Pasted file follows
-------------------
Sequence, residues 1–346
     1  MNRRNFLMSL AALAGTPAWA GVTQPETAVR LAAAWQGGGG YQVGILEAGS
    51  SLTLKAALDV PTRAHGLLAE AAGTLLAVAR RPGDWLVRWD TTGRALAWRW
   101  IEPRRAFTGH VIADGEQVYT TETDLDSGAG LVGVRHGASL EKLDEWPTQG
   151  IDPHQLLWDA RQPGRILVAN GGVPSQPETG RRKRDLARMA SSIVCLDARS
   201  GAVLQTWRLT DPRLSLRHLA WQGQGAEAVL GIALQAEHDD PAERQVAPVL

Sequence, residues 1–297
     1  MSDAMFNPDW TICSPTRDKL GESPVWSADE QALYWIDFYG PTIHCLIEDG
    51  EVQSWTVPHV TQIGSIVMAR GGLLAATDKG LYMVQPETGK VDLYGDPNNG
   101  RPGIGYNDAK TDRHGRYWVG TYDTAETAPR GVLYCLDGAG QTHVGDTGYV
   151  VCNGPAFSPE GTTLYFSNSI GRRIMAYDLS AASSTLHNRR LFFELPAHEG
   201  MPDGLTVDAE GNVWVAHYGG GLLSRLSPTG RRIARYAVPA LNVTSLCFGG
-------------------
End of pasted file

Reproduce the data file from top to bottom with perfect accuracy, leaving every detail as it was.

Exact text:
Sequence, residues 1–346
     1  MNRRNFLMSL AALAGTPAWA GVTQPETAVR LAAAWQGGGG YQVGILEAGS
    51  SLTLKAALDV PTRAHGLLAE AAGTLLAVAR RPGDWLVRWD TTGRALAWRW
   101  IEPRRAFTGH VIADGEQVYT TETDLDSGAG LVGVRHGASL EKLDEWPTQG
   151  IDPHQLLWDA RQPGRILVAN GGVPSQPETG RRKRDLARMA SSIVCLDARS
   201  GAVLQTWRLT DPRLSLRHLA WQGQGAEAVL GIALQAEHDD PAERQVAPVL

Sequence, residues 1–297
     1  MSDAMFNPDW TICSPTRDKL GESPVWSADE QALYWIDFYG PTIHCLIEDG
    51  EVQSWTVPHV TQIGSIVMAR GGLLAATDKG LYMVQPETGK VDLYGDPNNG
   101  RPGIGYNDAK TDRHGRYWVG TYDTAETAPR GVLYCLDGAG QTHVGDTGYV
   151  VCNGPAFSPE GTTLYFSNSI GRRIMAYDLS AASSTLHNRR LFFELPAHEG
   201  MPDGLTVDAE GNVWVAHYGG GLLSRLSPTG RRIARYAVPA LNVTSLCFGG